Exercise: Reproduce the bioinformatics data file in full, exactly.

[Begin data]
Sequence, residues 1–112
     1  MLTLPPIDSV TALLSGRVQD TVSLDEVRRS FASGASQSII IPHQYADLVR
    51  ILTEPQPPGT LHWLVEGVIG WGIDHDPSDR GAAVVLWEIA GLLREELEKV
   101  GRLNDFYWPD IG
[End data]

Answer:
Sequence, residues 1–112
     1  MLTLPPIDSV TALLSGRVQD TVSLDEVRRS FASGASQSII IPHQYADLVR
    51  ILTEPQPPGT LHWLVEGVIG WGIDHDPSDR GAAVVLWEIA GLLREELEKV
   101  GRLNDFYWPD IG